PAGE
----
If you’re interested in discovering how we think the Burrells succeeded in their mission of compassion in the most treacherous of times, Freedom’s Light will run the following dates and times at French Creek:

•Friday, May 1 at 7:30 p.m.
•Saturday, May 2 at 7:30 p.m.
•Sunday, May 3 at 3:00 p.m.

•Thursday, May 7 at 7:30 p.m.
•Friday, May 8 at 7:30 p.m.
•Saturday, May 9 at 7:30 p.m.
•Sunday, May 10 at 3:00 p.m.

•Thursday, May 14 at 7:30 p.m.
•Friday, May 15 at 7:30 p.m.
•Saturday, May 16 at 7:30 p.m.
•Sunday, May 17 at 3:00 p.m.

ED NOTE: click on the TrueNorth Cultural Arts link up top and then scroll down, you’ll see where you can pre-order tickets.

March 17, 2009 at 11:03 pm 11 comments

Paula’s Perspective _ Lorain City Council March 16th

How not to have a meeting:

Administration photo from previous council meeting

•Post the start time of the meeting, then make everyone wait 1 ½ hrs before you begin

•Make everyone wait that 1 ½ hrs in a 90 degree room, in uncomfortable chairs without beverages or food

•Take a 47 page budget and go over each department of that budget and ask 11 members what their feelings are

• 5 ½ hrs after the meeting was to begin you ask the public (that is still there and awake, I’d say 16 of 100+ they began with) if they want to speak

I left at 11:35 PM I believe they may continue into St. Patrick’s Day.

I’ve always suggested citizens must attend to see it for themselves. After tonight, I’m not sure I’d want anyone to have to sit through that.

Why can’t everyone get a copy of a detailed agenda (after Administration has CAREFULLY communicated with all departments)Then read, make notes, ask for clarification BEFORE the meeting

This meeting would have gone on until next St. Patrick’s day if everyone’s pet project was debated.

March 17, 2009 at 12:04 pm 8 comments



The Morning Journal apparently wasn’t ready to accept the Notorious Opponents of Exactitude Award 🙂

and have corrected the HEADLINE in question
Tuesday, March 17, 2009 1:18 AM EDT

The secondary headline on Monday’s story “Uses for CRA fees debated” was incorrect. That headline should have said, “Some on City Council call tax break fee excesive, want money returned”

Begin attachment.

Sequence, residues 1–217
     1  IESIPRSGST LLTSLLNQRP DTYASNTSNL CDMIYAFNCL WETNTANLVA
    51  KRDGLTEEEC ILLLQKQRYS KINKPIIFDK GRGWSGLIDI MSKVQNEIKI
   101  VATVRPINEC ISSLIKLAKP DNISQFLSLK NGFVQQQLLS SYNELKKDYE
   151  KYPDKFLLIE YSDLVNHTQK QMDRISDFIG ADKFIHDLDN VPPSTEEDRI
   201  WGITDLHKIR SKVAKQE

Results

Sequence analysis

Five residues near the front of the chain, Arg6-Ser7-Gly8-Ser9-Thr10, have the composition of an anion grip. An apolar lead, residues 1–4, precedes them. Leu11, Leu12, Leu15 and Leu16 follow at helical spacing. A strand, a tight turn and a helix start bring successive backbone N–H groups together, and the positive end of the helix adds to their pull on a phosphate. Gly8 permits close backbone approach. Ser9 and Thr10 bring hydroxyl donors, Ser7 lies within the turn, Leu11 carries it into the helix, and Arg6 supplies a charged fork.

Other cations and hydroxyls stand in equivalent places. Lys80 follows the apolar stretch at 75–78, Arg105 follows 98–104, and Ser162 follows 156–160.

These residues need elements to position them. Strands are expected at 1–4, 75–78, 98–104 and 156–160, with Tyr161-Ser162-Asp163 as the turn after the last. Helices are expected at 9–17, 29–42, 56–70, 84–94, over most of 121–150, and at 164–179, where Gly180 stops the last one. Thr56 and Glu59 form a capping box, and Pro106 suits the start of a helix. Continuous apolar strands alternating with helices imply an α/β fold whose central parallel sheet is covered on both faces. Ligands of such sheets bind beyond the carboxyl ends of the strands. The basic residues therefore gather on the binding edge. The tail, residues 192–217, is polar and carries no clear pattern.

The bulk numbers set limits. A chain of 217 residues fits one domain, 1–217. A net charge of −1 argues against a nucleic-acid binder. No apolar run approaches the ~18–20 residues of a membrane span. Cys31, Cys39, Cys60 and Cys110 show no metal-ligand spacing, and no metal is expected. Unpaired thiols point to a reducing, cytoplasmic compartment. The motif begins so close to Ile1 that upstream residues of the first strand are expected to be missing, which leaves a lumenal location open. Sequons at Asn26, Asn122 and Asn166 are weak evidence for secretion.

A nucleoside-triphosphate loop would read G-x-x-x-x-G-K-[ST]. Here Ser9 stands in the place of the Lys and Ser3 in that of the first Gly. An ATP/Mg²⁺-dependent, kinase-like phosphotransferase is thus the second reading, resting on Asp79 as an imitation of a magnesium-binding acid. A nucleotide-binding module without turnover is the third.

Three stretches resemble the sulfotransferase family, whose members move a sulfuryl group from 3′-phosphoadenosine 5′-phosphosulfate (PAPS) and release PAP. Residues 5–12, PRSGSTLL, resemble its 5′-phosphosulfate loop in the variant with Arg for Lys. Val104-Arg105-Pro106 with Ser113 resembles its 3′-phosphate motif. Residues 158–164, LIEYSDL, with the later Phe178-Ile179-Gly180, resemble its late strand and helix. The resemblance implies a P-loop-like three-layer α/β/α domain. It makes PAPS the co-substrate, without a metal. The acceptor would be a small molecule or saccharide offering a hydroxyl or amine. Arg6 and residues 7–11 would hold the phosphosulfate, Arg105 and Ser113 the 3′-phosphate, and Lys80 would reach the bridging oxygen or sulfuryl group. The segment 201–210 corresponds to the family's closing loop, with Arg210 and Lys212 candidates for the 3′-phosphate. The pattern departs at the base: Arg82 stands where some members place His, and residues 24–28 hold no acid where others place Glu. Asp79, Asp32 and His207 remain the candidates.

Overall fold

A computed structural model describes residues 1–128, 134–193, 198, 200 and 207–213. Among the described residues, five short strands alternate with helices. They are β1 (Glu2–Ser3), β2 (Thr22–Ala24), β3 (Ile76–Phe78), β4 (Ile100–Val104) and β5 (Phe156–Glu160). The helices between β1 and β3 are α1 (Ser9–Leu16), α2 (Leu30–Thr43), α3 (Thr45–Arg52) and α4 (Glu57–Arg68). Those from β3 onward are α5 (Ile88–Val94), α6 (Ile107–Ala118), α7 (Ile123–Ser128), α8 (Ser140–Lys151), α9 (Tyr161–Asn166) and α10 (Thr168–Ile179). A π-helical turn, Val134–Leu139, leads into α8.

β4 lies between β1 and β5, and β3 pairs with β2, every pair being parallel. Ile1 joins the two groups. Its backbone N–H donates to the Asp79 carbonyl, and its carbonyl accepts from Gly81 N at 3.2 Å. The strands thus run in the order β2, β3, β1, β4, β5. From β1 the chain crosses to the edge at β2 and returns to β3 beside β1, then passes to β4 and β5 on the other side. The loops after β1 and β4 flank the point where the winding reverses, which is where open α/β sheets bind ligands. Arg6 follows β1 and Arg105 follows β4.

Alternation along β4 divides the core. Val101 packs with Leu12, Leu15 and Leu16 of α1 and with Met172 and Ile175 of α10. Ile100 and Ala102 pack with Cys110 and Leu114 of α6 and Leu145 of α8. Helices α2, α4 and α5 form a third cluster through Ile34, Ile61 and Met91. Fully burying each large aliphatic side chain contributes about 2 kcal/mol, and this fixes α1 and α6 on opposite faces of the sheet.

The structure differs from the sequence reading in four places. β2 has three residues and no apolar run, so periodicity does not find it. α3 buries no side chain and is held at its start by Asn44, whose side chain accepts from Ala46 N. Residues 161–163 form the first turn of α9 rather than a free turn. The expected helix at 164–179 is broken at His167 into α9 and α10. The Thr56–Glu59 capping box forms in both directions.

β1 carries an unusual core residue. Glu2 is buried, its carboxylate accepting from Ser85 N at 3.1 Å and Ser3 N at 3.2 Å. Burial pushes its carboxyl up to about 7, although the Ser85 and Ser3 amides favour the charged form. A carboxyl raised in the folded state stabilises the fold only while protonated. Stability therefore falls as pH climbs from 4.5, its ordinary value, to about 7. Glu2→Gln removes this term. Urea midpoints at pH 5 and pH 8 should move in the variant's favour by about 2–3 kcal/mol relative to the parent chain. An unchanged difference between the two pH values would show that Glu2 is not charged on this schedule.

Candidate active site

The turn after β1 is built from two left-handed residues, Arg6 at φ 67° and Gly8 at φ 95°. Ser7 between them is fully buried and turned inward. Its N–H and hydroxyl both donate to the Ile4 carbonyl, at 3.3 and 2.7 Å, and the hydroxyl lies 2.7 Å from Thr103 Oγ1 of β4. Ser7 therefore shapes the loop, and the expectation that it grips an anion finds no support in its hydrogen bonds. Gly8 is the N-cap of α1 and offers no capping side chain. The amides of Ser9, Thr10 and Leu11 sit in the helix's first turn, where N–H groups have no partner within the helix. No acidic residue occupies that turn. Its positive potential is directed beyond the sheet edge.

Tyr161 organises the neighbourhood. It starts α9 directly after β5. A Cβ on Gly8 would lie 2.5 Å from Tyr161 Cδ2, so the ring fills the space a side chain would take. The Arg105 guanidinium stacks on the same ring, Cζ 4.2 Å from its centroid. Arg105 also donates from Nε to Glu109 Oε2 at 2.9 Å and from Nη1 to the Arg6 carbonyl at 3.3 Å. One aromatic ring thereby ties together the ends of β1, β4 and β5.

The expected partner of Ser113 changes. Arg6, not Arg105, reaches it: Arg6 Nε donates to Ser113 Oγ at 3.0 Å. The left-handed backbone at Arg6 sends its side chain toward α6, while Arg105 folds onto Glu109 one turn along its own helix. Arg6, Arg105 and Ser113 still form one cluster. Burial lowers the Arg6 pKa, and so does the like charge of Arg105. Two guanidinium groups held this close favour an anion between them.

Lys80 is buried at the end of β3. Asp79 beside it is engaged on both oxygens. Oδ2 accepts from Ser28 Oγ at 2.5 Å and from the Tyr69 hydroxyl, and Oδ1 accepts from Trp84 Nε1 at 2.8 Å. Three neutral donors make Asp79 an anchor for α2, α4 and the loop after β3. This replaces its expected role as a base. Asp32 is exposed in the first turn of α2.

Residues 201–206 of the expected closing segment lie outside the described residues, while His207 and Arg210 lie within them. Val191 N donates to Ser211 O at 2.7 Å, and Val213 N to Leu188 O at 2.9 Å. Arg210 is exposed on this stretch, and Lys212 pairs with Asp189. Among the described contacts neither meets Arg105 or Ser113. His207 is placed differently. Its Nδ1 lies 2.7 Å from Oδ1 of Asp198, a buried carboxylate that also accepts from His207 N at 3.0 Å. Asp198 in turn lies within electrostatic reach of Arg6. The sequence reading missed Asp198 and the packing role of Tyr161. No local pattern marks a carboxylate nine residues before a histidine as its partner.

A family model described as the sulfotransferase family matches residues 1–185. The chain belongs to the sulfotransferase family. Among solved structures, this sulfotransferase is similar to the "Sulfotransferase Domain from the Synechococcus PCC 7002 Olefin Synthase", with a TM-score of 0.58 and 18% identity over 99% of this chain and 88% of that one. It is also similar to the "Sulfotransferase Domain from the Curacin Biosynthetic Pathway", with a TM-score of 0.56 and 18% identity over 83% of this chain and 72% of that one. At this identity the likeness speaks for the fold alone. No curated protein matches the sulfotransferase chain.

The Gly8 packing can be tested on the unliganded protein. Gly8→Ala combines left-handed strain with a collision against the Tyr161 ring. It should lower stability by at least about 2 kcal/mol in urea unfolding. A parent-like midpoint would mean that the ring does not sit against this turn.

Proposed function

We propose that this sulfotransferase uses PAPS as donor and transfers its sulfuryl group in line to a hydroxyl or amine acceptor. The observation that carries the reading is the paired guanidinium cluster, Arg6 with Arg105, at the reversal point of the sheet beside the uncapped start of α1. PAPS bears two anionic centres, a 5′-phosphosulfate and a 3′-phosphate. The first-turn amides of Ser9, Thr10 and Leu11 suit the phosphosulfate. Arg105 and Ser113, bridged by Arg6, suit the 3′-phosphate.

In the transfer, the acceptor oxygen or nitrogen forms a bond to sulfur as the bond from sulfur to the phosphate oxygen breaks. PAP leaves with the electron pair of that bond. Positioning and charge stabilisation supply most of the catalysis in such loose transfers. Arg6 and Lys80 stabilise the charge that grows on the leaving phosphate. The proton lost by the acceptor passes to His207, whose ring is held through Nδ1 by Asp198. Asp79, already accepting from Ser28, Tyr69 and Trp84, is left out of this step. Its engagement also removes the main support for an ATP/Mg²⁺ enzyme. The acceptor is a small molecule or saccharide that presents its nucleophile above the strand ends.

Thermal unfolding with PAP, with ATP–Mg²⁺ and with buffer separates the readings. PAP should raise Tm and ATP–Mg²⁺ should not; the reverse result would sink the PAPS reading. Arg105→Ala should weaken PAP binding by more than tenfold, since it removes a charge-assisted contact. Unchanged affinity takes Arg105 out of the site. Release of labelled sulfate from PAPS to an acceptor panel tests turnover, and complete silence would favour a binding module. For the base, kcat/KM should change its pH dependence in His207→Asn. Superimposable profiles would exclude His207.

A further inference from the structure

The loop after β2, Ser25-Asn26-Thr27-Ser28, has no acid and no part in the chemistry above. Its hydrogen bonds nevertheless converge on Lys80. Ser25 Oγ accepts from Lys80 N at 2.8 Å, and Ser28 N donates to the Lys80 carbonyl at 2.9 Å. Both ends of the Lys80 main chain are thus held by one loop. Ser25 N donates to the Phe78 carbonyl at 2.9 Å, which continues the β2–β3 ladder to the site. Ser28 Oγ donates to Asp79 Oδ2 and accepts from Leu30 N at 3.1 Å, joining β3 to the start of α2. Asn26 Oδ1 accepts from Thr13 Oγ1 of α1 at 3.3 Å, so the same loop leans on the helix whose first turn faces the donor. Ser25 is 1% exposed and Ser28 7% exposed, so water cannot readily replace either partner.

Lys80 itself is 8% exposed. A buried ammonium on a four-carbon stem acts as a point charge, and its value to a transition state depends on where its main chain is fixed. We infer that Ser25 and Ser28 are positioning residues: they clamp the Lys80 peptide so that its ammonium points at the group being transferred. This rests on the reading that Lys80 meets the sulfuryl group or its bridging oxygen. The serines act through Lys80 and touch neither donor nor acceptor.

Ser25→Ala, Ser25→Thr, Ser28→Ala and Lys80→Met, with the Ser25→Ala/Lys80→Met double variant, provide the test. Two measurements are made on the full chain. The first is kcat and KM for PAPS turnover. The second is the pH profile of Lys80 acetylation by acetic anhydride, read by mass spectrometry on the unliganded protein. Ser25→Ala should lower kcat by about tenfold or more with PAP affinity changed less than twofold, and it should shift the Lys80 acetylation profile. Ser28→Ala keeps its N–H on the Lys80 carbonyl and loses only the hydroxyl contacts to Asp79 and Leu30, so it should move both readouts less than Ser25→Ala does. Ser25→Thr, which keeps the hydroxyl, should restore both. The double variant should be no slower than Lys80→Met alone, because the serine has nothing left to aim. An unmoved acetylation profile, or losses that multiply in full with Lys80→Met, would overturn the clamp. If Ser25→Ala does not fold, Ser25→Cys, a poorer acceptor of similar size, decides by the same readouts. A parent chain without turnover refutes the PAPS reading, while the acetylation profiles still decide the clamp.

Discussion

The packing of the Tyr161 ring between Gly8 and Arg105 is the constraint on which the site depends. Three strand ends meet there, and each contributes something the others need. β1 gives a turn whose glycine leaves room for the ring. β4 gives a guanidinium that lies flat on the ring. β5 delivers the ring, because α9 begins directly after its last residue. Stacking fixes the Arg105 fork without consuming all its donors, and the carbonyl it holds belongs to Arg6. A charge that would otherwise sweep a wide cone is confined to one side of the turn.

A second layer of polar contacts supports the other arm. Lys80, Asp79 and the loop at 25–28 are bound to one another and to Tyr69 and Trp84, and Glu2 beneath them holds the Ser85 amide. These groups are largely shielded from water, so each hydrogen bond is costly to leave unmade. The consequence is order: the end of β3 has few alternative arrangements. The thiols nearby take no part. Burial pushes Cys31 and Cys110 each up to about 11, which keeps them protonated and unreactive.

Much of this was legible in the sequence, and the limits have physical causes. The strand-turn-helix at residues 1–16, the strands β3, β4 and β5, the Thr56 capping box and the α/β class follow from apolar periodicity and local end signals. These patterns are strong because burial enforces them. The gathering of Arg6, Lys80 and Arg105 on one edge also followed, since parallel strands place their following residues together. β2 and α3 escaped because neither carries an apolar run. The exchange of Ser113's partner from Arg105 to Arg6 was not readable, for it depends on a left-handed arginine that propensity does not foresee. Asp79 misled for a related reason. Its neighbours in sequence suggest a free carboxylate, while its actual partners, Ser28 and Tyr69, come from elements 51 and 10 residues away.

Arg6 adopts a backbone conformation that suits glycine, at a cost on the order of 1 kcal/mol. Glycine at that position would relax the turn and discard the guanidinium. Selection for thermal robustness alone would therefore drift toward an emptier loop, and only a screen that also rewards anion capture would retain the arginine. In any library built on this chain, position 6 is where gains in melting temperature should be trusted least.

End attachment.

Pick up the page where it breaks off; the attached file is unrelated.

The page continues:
Of course poor old Journal their keyboards must be having problems with their “S” too!
“Where the HEL is the l”

March 17, 2009 at 11:43 am Leave a comment

Lorain City Council – Notes-

City of Lorain

Paula was on vacation but returned just before tonight’s meeting which at 9:15 is still ongoing WHEW!!! Since visitors to this blog expect Council Notes after the meeting we have some ( way after the meeting)

The first election for township officers was held at the house ……

John S. Reid, a native of New Jersey, who came to Black River in the spring of 1810. His original cabin was a double block house – a stately structure for the time. It was used for many years by Mr. Reid as a dwelling, tavern, post office and justice’s office combined. It was located near the foot of Elyria St., which would be near 1st St. and Broadway.

……of John S. Reid, April 17, 1817. John S. Reid was called to the chair,

and Chilial Smith and Edmund Gillmore appointed judges of election.

Township officers were elected as follows : Daniel Perry, clerk ;

Adoniram Webb, Quartus Gillmore and Joseph Quigley,trustees ;

Chilial Smith and Edmund Gillmore, overseers of the poor ;

George Kelso and Stephen Cable, fence viewers ;

Orrin Gillmore and James Webster, appraisers of property ;

William Martin, Ralph Lyons, Chilial Smith and Reuben Webb, supervisors of highways ;

John S. Reid, treasurer.

At the election in Black River, for State and county officers, October 14, 1817, there were cast, according to the poll list in the handwriting of Daniel Perry, clerk, seventeen votes, as follows : John S. Reid, Daniel T. Baldwin, Jacob Shupe, Joseph Quigley, Quartus Gillmore, A. Webb, Reuben Webb, S. Cable, Daniel Perry, John Morrell, Chilial Smith, Fred Onstine, Daniel —, Samuel Cable, Henry Onstme, James O’Neal, George Kelso.

From a double Block House to the home of Jones/ Stang… to today’s Lorain City Hall

Capt Wm. Jones ( a leading shipbuilder erected the most pretentious residence in the village”

“Lorain In Retrospect: An Address to the Lorain Real Estate Board” by J.J. Meyer January 4th 1926


John Stang

He expired in 1899 ( in the room now occupied by the City Auditor) having purchased the property after the demise of William Jones

( Meyer)





ED Note :it has been stated that the “first area designated for burial for the little settlement was also on that corner before the Charleston Pioneer Cemetery was designated – are we being haunted by history ? 🙂

March 17, 2009 at 1:13 am 5 comments



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March 2009